Text message from daughter: Hi Dad, I plan to spend Christmas in New Orleans with Chris and his family.
Dad’s reply: Ok, did you let mom know?
Daughter: Not yet but will do now. Remember that Chris and I celebrated Easter, July 4th and Thanksgiving with you guys. Love you!
It’s true, my “little” daughter and her boyfriend had in fact spent the past few holidays with us; still, I was taken aback, just a bit, by the news that she wouldn’t be spending Christmas with her family. This would be the first time that we’d be “separated”.
What was this new emotion I was experiencing: separation angst? Was I jealous, angry, disappointed, hurt? That’s crazy! Grow up Burt, this is just part of life. The status quo is changing and there is nothing I can do about it. Yes, there was something I could and should do: embrace the change. And here are 7 reasons why:
- It’s what I also wanted to do: At an age even earlier than my daughter, I wanted to start my own life. The separation from my home was even more dramatic as I put an ocean between my parents and myself. When I set off, I thought I’d spend a year in Europe and then return home. As it turned out it took me 20 years to make it back “home”, to the United States. Joining me was my German wife and our 6-month old daughter (yes, the one who just sent me the text message). Unfortunately, my parents died in an accident 4 years earlier and never got a chance to meet my wife and their new grandchild.
- Opening and closing chapters: Life is all about change, change that we have created ourselves or change that has been cast on us. Some people deal better with change than others. Some people even seek it out. I’m more of the kind that enjoys staying in my comfort zone and sometimes struggle with change that has been flung my way. But I’ve come to learn that with change comes learning and growth. Because my daughter is now in a serious relationship, our holiday and vacation schedule will be impacted. I can no longer tell my eldest child that she will be going on vacation with us or celebrating a holiday in a certain way. This is normal even though it will take some getting used to.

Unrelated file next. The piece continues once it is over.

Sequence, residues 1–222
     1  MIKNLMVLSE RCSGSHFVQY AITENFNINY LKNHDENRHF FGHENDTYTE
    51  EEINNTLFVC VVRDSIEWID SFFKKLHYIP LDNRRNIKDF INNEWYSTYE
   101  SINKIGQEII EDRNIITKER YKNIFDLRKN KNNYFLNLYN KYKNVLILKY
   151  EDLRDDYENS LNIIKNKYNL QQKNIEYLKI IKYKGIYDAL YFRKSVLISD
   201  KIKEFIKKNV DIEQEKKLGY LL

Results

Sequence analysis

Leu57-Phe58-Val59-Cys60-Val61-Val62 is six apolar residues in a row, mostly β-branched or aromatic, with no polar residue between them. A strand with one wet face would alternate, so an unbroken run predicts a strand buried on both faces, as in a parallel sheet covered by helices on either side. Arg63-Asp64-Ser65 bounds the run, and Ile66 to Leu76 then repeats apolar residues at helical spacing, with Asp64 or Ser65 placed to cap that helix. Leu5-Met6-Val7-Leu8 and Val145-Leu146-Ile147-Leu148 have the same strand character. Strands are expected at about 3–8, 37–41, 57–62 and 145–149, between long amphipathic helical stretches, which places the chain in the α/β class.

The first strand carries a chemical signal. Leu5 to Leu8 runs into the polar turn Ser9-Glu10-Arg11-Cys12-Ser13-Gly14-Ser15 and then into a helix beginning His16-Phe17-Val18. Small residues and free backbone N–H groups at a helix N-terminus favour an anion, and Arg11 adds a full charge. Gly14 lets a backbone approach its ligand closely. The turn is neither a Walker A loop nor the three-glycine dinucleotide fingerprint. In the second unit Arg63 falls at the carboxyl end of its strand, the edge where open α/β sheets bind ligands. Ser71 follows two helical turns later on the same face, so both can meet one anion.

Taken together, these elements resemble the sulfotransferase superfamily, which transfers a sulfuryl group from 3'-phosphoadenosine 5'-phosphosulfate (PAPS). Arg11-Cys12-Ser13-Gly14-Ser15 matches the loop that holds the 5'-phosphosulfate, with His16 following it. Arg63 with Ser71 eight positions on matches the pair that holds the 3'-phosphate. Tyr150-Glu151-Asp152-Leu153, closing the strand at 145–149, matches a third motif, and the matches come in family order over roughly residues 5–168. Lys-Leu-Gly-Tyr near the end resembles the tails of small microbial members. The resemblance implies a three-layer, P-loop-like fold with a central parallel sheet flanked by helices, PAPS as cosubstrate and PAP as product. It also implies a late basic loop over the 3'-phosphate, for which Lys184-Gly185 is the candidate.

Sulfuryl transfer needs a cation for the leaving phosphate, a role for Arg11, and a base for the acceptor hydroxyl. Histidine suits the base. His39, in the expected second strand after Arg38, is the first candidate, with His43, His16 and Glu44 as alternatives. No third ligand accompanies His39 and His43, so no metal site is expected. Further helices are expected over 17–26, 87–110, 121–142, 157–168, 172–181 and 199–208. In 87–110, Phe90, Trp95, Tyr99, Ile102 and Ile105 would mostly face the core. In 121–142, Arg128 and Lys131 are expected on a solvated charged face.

- Making mistakes, experiencing success: Just like we learn from change, we also learn from the mistakes we’ve made. When a child makes a mistake parents often need to right the wrong that the child has committed. Some parents continue to bail their adult child out when they’ve screwed up but this is sending the wrong message to the child. They need to think and act in a manner that limits their mistakes but when they do occur, make things right and learn from the mistake. Our children also grow when they succeed at something. The pride they take in their own accomplishments is compounded if they receive praise from their parent(s). This is even more the case if the success comes after lots of hard work or a prior failure.
- Financial independence: I remember how proud I was when I got my first paycheck. I was also in shock when I saw how much money was deducted for taxes. Earning my own money brought with it the independence to do and buy the things that I wanted. It also taught me how to budget my money so that I could pay all of my monthly expenses and put some away as savings. Some young adults will be able to manage their money well starting with that first check. Others will struggle, especially if they give in to the temptation of charging unneeded purchases to their credit card.It will be interesting to see how my daughter manages here own money. Will she achieve financial independence starting with that first paycheck or will she come back to dad asking for financial support because X, Y, Z, just happened? Will she be generous and give to causes she believes are important or will she spend everything she earns on her own well-being? My parents raised me on the simple principal of living below your means. I’ve tried to role model this for my daughter and her brothers. It will be interesting to watch if she picked up on this.